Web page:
How Well Does Your Organization Communicate?
POST WRITTEN BY
Jacob M Engel
Author and CEO of The Prosperous Leader.
I help CEOs and their organizations prosper.
My mentor taught me a model called the 6 Cs of Communication, which helps companies identify where they are in terms of effectiveness at running their organization. They are:
Level 1: Conflict and Competition = Failure
Level 2: Compliance and Communication = Success
Level 3: Cooperation and Collaboration = Prosperity
Conflict And Competition
If there is continuous conflict (e.g., finger-pointing, blaming) and competition (e.g., the right hand doesn’t let the left hand know what it’s doing) in an organization, it's the sign of a major communication failure.
Here is a story to illustrate.
Ed (not his real name) was a third-generation business owner enthusiastic about bringing his kids into the business (a topic that deserves an article all of its own!). The business decided to branch into a related product line and open a facility that Ed's son was assigned to run. But the challenge was, since he wasn’t really trained nor did he have the expertise, that it was never really clear how the son was supposed to do his job.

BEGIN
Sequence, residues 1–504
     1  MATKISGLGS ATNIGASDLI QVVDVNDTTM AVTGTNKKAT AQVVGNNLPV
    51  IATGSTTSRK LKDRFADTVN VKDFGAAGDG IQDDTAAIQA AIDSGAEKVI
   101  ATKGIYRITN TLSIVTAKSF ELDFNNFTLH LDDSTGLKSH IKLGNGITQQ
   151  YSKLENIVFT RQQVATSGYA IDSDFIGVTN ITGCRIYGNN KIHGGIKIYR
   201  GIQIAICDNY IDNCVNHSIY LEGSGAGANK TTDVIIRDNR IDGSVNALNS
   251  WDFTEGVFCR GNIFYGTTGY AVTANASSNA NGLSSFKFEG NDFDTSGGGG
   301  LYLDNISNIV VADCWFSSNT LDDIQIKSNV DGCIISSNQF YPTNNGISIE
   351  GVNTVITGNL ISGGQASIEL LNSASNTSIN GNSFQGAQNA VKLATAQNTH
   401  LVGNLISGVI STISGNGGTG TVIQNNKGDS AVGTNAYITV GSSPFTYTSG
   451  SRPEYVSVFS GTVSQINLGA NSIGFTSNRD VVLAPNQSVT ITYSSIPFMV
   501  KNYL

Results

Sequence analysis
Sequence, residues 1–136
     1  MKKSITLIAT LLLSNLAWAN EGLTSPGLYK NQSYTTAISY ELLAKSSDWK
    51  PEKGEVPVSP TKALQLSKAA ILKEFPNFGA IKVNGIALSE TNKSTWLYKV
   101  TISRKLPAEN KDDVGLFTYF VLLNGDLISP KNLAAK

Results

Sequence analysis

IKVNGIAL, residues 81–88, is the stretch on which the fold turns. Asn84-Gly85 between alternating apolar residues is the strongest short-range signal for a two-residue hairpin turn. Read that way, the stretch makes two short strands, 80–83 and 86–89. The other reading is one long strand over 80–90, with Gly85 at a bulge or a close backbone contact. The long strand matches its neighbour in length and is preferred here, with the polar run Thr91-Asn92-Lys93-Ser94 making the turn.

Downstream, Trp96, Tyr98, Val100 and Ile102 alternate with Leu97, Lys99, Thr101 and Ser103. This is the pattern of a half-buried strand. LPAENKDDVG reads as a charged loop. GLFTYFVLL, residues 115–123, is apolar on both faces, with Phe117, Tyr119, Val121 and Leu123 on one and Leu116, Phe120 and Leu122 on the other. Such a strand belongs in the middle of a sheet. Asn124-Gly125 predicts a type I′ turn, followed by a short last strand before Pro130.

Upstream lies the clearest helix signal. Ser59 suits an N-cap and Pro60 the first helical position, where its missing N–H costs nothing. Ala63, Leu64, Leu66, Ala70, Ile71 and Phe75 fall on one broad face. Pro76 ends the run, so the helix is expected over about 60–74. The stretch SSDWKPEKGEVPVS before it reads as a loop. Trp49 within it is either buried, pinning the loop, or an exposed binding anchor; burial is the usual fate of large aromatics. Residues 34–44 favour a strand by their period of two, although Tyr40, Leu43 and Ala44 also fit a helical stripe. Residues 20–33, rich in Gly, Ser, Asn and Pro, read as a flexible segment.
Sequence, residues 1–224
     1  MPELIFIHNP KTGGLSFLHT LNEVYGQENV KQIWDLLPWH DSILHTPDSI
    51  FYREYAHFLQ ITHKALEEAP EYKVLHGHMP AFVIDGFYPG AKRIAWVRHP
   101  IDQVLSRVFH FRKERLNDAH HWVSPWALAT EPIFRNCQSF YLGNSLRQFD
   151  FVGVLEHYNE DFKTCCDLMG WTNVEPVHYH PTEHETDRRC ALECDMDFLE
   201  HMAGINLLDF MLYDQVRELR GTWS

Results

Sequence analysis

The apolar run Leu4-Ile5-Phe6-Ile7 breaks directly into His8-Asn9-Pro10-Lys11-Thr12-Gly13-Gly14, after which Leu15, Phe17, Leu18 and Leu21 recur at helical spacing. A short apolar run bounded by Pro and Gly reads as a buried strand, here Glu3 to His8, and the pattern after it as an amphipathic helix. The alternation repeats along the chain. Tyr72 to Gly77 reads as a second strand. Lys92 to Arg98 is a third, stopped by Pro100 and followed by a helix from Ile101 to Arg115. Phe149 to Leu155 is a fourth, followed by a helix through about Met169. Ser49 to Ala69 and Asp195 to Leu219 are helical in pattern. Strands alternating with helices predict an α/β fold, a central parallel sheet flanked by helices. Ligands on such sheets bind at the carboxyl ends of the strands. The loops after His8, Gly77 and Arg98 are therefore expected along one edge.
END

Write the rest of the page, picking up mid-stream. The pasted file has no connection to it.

What unfortunately many leaders impart is what we call “sink or swim." This means Ed's son was supposed to figure it out on his own and either be successful or not. He only got lip service from the parent company as to what their expectations were, but no real training, coaching or collaboration.
There were often times when they were competing in the same business. When serious problems started coming to the surface, it became a blame game. The parent company was blaming him for not achieving and he would blame them for no guidance. Eventually, the facility failed a crucial state test and they had to shut it down and take a serious loss.
Ironically, leadership will continuously blame others with all kinds of excuses rather than take responsibility. But, remember when you point a finger at someone, three fingers point back at you. Continuous finger pointing is a sign of dysfunction.
Companies that continue in this direction will inevitably fail for several reasons.
First, their peopl